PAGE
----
In 2001, Minister Jorritsma of Economic Affairs opened Centrient’s ZOR-f plant on the Biotech Campus Delft. In this plant, fermentation is used to produce 7-ADCA, a crystalline powder needed for the production of antibiotics. “Centrient is a global leader in sustainable, enzymatic antibiotics and other products,” says Chief Commercial Officer Frans Vlaar. “At our plant in Delft, microorganisms do the work using water, energy and glucose. We do not use chemical solvents and we keep our energy consumption low. We also purify all the waste water that comes out of our plant. We call this the ‘green route’. We are the only party in the world that makes 7-ADCA in this way.”
In Asia, waste materials often simply disappear into the environment. “Some rivers in India contain concentrations of antibiotics that are higher than when you take a course of antibiotics,” knows Frans. “This is a problem, as it contributes to antibiotic resistance worldwide.” With Centrient’s green route, this problem does not exist. The high-tech working method also keeps the plant competitive. “It is important that we can make medicines in an affordable way in Europe. The COVID-19 pandemic and the geopolitical tensions around the world have made this all the more evident. But this requires a level playing field, for example in terms of the criteria for clean production. Fortunately, Europe is now working on this too, with the Green Deal, among other things.” This is a set of policy initiatives with the overarching goal of making Europe climate neutral by 2050, and thus becoming the first climate neutral continent.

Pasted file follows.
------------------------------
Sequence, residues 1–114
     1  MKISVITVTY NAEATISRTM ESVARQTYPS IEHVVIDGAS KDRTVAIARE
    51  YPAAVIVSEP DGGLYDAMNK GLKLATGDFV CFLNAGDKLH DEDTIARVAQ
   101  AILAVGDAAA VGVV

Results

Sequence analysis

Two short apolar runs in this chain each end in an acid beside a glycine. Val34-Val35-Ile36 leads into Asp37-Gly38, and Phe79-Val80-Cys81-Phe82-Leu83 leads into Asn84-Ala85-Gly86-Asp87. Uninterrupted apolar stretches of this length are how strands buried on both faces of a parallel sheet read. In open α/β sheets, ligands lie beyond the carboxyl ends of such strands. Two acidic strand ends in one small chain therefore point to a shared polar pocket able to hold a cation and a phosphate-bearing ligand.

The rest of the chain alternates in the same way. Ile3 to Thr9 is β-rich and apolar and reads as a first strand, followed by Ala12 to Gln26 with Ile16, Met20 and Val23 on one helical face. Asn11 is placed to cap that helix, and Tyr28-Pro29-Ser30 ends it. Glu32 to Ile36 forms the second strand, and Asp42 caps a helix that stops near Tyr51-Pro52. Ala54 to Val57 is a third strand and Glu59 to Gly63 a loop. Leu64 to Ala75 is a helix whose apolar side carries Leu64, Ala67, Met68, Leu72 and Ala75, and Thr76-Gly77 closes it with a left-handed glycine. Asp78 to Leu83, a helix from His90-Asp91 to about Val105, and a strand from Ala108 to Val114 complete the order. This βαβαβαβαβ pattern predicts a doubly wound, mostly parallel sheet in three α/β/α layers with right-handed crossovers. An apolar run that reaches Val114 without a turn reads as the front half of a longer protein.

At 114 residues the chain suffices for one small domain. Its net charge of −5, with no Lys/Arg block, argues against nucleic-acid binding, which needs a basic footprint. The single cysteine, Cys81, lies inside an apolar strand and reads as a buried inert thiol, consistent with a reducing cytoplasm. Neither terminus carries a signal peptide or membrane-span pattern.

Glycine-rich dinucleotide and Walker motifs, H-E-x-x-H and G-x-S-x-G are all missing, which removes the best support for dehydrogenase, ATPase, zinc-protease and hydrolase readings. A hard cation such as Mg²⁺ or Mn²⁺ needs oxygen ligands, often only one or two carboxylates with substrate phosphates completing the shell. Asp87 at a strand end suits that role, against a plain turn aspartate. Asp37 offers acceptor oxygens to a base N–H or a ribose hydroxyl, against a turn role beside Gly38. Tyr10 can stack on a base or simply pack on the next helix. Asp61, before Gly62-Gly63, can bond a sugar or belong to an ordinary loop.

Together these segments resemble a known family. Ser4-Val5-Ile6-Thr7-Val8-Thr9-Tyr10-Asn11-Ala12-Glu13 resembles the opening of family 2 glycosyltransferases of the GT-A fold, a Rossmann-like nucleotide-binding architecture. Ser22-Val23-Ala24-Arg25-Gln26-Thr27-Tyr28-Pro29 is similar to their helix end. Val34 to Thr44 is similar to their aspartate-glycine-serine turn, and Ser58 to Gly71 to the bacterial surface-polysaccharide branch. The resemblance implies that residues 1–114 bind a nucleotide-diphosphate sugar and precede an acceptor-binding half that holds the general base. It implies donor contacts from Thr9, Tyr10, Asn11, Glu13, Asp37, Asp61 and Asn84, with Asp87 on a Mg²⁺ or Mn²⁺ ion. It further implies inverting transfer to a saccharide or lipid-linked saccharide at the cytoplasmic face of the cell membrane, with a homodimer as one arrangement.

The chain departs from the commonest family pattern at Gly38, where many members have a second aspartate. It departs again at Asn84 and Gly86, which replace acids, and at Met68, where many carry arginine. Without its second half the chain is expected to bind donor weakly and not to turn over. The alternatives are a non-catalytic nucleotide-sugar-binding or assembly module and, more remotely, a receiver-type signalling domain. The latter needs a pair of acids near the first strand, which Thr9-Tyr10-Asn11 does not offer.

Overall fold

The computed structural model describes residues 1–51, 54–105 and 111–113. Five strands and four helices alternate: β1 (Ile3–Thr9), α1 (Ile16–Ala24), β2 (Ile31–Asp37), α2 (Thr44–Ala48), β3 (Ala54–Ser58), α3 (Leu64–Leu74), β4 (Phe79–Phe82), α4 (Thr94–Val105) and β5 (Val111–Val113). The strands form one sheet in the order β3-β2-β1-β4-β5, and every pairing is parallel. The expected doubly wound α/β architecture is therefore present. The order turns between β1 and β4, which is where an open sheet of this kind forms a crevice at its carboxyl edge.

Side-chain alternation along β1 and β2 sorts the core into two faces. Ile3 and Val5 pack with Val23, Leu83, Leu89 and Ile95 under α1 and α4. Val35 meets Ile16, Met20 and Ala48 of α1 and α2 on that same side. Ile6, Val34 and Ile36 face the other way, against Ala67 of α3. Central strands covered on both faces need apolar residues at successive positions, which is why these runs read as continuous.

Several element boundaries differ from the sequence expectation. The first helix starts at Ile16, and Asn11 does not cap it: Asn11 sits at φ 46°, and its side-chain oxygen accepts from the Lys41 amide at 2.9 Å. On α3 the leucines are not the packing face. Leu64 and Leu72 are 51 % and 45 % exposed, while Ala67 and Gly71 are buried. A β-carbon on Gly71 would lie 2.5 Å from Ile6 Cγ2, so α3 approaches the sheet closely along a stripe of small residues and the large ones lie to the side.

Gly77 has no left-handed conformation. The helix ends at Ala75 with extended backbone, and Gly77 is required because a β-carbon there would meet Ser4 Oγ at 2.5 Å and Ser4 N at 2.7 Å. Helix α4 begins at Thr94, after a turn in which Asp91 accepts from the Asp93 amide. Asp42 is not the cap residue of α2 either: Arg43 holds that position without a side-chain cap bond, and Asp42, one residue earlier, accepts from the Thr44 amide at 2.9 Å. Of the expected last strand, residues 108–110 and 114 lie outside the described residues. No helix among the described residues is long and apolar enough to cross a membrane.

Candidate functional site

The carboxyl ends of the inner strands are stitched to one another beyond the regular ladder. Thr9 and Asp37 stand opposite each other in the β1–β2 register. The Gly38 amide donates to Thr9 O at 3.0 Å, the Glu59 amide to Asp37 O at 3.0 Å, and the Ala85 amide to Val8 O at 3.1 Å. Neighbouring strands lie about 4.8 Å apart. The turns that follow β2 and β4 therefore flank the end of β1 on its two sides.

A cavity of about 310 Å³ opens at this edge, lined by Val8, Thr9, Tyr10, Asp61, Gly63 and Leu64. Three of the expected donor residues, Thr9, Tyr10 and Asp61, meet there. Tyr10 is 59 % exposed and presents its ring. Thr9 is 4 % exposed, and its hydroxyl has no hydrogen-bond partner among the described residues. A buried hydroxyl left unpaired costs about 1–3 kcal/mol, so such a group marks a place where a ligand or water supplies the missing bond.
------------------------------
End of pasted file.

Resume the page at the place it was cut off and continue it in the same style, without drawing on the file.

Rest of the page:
Janneke Metsaars is Production Manager in Delft. She is always working on further improving the production processes. “For example, we are looking at whether we can further improve how we feed our microorganisms and use new technology to make our production even more energy-efficient. That’s how we stay competitive and manage to keep high-quality jobs in the region.” The region is important to Centrient. “This is where our roots lie, right from the days when we were known as Gist-brocades. There is a lot of biotech knowledge available here, and we can rely on our committed employees.” This commitment works both ways. When COVID-19 caused a shortage of medical face masks in regional hospitals, Centrient stepped in to supply 30.000 FFP2 masks to the ‘Reinier de Graaf Gasthuis’ hospital and the ‘Haaglanden Medical Center’. “We were pleased to also be able to make this contribution toward good healthcare close by,” concludes Janneke.
Photo: Janneke Metsaars at the fermenters in the factory